Pretty silly right?

See, this all comes from a time where comics weren’t cool.  It was a hidden haven.  There were geeks, and there were jocks.  There was no mid point.  If you liked sports, you didn’t like comics.  If you liked comics, you didn’t like sports.

Ignore the fact that the characters were all pretty fit.  Hell, the Avengers and the X-men had baseball games every annual back in the day.  Didn’t matter.  Sports and comics equalled no.

So, the comments should have read: any fit person is a fake geek.  But of course, women were the target.  Women make THOSE geeks uncomfortable.  Funny feelings in the groinal area that they only want when alone, looking at Power Girl’s old costume.

Not the new one.  Man, that thing is sad.

And, I don’t want to generalize, but these sociopathic geeks are the ones posting this crap.  They are the ones that honestly believe that girls who put on a superhero costume for the conventions are trying to turn their eye.

I want to take a second and remind everyone that this level of absurdity exists in all hobbies.  There are hardcore sports fans who believe that girls have no place in sports.  There are car hobbyists who think that girls can’t be mechanics.

I’m willing to bet there are model train hobbyists who think girls don’t know crap about trains.  I have no proof of this, but you see what I mean.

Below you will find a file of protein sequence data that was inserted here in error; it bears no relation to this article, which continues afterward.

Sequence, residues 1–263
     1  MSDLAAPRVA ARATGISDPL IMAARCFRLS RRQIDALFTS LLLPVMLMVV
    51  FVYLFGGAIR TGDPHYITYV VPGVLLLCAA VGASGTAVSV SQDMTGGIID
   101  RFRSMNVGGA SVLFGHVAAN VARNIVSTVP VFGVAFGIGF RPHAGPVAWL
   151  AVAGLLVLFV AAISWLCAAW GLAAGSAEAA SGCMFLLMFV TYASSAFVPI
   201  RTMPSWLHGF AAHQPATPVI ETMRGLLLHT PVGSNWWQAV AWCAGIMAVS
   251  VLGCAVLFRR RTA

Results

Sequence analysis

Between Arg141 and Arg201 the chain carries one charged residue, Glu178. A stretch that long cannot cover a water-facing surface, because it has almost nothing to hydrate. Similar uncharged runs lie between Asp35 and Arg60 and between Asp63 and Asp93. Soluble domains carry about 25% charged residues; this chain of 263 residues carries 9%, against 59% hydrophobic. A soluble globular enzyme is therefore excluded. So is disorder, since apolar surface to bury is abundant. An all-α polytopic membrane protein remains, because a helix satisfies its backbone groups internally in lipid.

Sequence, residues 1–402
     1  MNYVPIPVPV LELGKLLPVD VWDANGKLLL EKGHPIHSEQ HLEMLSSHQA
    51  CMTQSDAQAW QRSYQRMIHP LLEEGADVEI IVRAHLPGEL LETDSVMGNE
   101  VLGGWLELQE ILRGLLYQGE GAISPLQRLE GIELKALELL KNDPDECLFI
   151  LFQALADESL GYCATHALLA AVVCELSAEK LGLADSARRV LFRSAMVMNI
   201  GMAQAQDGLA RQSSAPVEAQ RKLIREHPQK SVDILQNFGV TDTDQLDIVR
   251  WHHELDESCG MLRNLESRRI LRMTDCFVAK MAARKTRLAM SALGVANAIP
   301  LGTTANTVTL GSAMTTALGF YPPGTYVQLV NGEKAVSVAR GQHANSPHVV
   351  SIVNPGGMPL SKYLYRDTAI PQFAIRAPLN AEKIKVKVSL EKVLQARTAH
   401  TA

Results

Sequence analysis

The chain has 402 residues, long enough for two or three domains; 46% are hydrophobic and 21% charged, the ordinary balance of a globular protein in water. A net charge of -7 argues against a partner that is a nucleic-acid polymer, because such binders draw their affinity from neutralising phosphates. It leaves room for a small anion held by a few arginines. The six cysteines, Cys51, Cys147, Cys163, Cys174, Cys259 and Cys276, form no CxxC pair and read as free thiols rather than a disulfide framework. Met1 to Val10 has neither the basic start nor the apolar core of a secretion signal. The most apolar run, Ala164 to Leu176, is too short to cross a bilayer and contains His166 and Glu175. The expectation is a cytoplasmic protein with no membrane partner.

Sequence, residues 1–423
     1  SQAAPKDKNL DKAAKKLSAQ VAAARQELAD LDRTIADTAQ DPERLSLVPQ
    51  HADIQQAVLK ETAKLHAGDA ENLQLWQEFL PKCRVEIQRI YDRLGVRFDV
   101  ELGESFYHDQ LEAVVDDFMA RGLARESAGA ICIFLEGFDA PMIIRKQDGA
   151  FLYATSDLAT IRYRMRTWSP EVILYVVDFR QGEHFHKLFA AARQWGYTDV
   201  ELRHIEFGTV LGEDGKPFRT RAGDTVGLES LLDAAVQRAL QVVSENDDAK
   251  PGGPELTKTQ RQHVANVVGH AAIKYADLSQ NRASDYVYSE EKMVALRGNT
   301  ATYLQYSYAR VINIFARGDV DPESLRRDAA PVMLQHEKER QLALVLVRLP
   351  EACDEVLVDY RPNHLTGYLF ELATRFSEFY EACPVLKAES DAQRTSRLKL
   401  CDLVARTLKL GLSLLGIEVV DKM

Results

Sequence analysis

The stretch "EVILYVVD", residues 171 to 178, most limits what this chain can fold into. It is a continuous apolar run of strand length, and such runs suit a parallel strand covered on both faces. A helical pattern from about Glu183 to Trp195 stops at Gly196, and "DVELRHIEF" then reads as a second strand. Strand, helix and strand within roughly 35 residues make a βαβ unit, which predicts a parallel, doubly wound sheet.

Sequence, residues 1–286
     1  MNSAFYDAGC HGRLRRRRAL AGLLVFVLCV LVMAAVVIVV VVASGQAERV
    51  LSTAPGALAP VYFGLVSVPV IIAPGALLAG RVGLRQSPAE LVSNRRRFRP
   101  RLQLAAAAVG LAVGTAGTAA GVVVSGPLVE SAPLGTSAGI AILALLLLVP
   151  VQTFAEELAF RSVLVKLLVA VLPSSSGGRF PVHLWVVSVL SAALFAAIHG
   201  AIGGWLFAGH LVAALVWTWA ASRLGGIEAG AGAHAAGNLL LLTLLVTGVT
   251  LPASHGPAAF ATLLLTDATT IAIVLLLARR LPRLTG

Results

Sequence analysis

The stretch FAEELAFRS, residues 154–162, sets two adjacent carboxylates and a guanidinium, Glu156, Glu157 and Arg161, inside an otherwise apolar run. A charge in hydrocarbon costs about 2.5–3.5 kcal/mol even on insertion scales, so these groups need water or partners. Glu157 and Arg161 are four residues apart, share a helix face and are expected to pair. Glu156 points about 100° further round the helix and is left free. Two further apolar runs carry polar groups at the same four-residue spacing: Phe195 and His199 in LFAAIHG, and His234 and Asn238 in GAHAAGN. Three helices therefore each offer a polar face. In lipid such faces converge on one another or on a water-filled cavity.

Being a girl must be hard.  I’m not one, so yay me, I guess.  It’s like owning a uterus is supposed to impede your ability to enjoy things other than dolls and makeup, and making guys look at you.  Sorry girls.

To hear it from any sub culture is sad, but from geeks it’s just ridiculous.  Maybe these guys should remember that ownership of a penis means that they are supposed to be proud owners of trucks and fans of wrestling.  Maybe they should remember that they aren’t supposed to like comics either.

Women or men, comics are comics.  They are at best times literature, and at worst times?  Rob Liefeld.

Oh, and on a side note?  I DO believe that a woman who puts together a super hero costume for a convention wants to be looked at.  Of course she does.  She put somewhere around six hours into putting the costume together!  When I used to dress up for conventions, I wanted attention too!  But to accuse them of being just booth babes?  That’s unfair.  They are there to enjoy the convention.  They want to be seen, not gawked at, and not demeaned as just there to attract geeks.

If you are accusing them of just looking for attention, chances are you are not the attention they want.  In fact, I’m willing to bet that the angry posts about geek girls is from a man that didn’t get his attention reciprocated.  It shouldn’t be paid attention to.

But, that’s my opinion.

Tales From the Bucket 25

The crew stood outside the wreckage.  There was a swathe of destruction trailing behind them.  The burnt path was littered with fallen trees, scattered produce, and smaller bits of The Trebuchet’s hull that had torn free.  Sections of the ground were smouldering, but it seemed too wet out to threaten a full out forest fire.  Small miracles, Maychange thought.